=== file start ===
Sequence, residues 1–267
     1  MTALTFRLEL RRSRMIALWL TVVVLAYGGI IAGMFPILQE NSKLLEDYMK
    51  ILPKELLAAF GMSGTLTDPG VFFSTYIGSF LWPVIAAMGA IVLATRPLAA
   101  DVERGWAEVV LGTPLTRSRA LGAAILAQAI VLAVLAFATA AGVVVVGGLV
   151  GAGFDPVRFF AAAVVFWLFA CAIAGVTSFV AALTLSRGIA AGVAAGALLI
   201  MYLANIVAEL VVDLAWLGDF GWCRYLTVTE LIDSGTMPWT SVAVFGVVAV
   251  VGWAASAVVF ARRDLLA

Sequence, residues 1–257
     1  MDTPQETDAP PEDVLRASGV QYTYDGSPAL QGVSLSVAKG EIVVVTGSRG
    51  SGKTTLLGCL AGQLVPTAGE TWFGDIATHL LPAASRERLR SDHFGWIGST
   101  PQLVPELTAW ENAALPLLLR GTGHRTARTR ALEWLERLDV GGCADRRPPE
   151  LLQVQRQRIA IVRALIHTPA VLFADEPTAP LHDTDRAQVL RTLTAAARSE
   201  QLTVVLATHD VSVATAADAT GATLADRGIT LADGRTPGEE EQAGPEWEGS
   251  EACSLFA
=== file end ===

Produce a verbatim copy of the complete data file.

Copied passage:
Sequence, residues 1–267
     1  MTALTFRLEL RRSRMIALWL TVVVLAYGGI IAGMFPILQE NSKLLEDYMK
    51  ILPKELLAAF GMSGTLTDPG VFFSTYIGSF LWPVIAAMGA IVLATRPLAA
   101  DVERGWAEVV LGTPLTRSRA LGAAILAQAI VLAVLAFATA AGVVVVGGLV
   151  GAGFDPVRFF AAAVVFWLFA CAIAGVTSFV AALTLSRGIA AGVAAGALLI
   201  MYLANIVAEL VVDLAWLGDF GWCRYLTVTE LIDSGTMPWT SVAVFGVVAV
   251  VGWAASAVVF ARRDLLA

Sequence, residues 1–257
     1  MDTPQETDAP PEDVLRASGV QYTYDGSPAL QGVSLSVAKG EIVVVTGSRG
    51  SGKTTLLGCL AGQLVPTAGE TWFGDIATHL LPAASRERLR SDHFGWIGST
   101  PQLVPELTAW ENAALPLLLR GTGHRTARTR ALEWLERLDV GGCADRRPPE
   151  LLQVQRQRIA IVRALIHTPA VLFADEPTAP LHDTDRAQVL RTLTAAARSE
   201  QLTVVLATHD VSVATAADAT GATLADRGIT LADGRTPGEE EQAGPEWEGS
   251  EACSLFA